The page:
To see the Energy Project data please see the attachment below titled CHULLAH REPORT.
Greetings from Himalayas! We are happy to report 3 months of work of our community health project involving extension to 35 more villages in the Okhalkanda Block of Nainital District. A new office has been set up in Patlot and 12 new health supervisors hired. Concomitantly, we also launched the Mobile Health Clinic in July, a joint venture with the Government of Uttarakhand. This has brought succor to 500-600 additional patients in extremely remote villages. The mobile clinic is equipped with a lab, and X-Ray machine. We await bureaucratic clearance for use of the ultrasound machine, also part of the mobile clinic.
Three of our smokeless chullah (improved cookstove) masons went to ARTI (Appropriate Rural Technology Institute), Pune for an exposure and training on different technologies for cooking and heating for rural areas.
We hope you find the attached report informative. Should you have any questions at all please do not hesitate to contact me (firstname.lastname@example.org).
With warmest regards,
Dr Sushil Sharma
Dear Aarohi supporters,
Greetings from Himalayas! It was in April I had written to you last. The past three months have been as enthralling as ever and we have been doing some vital groundwork for phase III of our health project, also called ‘Arogya Phase III’. As you already know our health work focuses on the ‘mother and child’. To complement our main work, our secondary objective is to address issues of (to a limited extent albeit)- women hygiene, sanitation, clean drinking water, promoting smokeless cookstoves or chullahs and addressing social taboos. Funded by Sir Dorabji Tata Trust, by the end of Arogya phase III we would have covered 105 villages in the remote Okhalkanda Block- a region where no other organization has undertaken health related work so far.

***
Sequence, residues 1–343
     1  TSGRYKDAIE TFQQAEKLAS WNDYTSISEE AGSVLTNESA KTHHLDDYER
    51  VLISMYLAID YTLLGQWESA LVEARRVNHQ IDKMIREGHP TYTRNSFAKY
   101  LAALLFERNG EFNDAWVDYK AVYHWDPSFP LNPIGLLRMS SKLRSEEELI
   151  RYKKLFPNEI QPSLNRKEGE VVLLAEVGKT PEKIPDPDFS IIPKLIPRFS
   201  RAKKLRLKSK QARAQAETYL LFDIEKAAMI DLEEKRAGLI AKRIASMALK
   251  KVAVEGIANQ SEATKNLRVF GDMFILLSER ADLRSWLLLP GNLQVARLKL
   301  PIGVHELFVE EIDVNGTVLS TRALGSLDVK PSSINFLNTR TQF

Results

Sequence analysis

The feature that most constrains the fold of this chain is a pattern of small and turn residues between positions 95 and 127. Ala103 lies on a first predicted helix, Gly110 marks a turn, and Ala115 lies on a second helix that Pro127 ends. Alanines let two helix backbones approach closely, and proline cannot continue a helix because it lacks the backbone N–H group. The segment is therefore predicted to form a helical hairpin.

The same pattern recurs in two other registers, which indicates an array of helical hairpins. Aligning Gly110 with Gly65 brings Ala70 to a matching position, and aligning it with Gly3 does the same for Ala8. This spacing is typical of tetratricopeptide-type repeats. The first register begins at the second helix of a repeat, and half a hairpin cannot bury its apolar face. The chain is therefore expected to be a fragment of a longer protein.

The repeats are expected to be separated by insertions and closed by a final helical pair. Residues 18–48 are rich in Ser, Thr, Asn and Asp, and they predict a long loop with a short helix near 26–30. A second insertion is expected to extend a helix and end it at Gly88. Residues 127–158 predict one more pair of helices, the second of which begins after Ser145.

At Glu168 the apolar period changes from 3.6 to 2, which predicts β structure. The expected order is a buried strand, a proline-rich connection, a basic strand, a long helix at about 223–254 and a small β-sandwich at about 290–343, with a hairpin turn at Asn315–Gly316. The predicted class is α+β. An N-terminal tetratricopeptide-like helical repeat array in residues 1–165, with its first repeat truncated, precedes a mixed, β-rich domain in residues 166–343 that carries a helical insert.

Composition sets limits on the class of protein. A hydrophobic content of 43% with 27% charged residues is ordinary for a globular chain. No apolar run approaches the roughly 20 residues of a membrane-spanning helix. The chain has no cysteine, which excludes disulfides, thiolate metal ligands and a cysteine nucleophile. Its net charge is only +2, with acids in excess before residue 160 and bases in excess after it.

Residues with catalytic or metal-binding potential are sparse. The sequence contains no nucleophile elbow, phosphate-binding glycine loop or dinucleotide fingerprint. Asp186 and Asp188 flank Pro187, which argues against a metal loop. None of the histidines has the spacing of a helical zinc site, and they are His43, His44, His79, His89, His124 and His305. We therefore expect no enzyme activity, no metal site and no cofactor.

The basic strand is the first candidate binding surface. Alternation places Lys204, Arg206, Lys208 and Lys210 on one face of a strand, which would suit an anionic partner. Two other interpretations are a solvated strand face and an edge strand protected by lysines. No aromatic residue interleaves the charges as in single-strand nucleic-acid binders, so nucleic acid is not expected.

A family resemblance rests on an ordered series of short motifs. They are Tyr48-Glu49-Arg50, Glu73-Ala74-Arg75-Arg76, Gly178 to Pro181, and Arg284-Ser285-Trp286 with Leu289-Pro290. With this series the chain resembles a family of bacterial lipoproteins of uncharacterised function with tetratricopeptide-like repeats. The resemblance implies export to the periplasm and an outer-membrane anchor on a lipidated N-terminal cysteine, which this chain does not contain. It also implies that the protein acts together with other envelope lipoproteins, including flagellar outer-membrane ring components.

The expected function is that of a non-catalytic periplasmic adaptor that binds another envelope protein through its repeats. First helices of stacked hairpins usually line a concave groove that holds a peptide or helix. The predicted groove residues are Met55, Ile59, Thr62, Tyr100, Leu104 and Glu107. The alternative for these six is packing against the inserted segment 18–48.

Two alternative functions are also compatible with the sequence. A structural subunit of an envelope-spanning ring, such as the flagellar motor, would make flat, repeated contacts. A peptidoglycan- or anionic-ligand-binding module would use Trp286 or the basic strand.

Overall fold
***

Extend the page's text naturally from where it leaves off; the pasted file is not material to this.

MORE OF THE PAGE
Hope you find the attached report informative. Should you have any questions at all please do not hesitate to contact me (email@example.com).
With warmest regards
REDUCE INFANT & MATERNAL MORTALITY IN THE HIMALAYA: January - March 2014
1 COMMUNITY HEALTH
After conducting a baseline survey in 15 villages, we started collecting information from the 35 villages in which we will be working in the first year. The villages are Okhalkanda Malla, Okhalkanda Talla, Khansyu, Chyurigaad, Pokhari, Kulori, Putgaon, Reekhakote, Tanda, Surang, Sui, Jamraadi, Takura, Karayal, Rekuna, Tushraad, Paitana , Ramela, Putpudi, Bhadrakot, Herakhan, Dewli, Kalaagar, Kwerala, Gargadi Talli, Gargadi Malli, Galni, Teemar, Chamoli, Jhadgaon Malla, Jhadgaon Talla, Saal, Badoun, Thalaadi and Bagor.
Highlights of the past 3 months work with the community
1.1 Exposure visit
From 18-23rd January Aarohi health staff visited Jan Swasthya Sahyog (JSS), a voluntary, non-profit and registered society founded by a group of health professionals committed to developing a low-cost and effective health program that provides both preventive and curative services in the tribal and rural areas of Bilaspur district in Chhattisgarh. The objective of the visit was to gain exposure to JSS’ activities. Those of note that Aarohi would consider replicating or adapting to their own work environment, include: